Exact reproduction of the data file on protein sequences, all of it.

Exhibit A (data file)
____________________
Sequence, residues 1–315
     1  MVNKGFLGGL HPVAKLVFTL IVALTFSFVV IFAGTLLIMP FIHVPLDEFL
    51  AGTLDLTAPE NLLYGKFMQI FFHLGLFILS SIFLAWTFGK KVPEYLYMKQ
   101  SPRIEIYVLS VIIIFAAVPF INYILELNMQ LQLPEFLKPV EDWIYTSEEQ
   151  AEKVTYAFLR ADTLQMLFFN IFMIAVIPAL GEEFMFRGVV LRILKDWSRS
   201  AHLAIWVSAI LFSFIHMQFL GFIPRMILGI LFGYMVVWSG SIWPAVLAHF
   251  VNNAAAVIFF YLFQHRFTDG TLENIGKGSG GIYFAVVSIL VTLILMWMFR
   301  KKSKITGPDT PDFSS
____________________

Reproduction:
Sequence, residues 1–315
     1  MVNKGFLGGL HPVAKLVFTL IVALTFSFVV IFAGTLLIMP FIHVPLDEFL
    51  AGTLDLTAPE NLLYGKFMQI FFHLGLFILS SIFLAWTFGK KVPEYLYMKQ
   101  SPRIEIYVLS VIIIFAAVPF INYILELNMQ LQLPEFLKPV EDWIYTSEEQ
   151  AEKVTYAFLR ADTLQMLFFN IFMIAVIPAL GEEFMFRGVV LRILKDWSRS
   201  AHLAIWVSAI LFSFIHMQFL GFIPRMILGI LFGYMVVWSG SIWPAVLAHF
   251  VNNAAAVIFF YLFQHRFTDG TLENIGKGSG GIYFAVVSIL VTLILMWMFR
   301  KKSKITGPDT PDFSS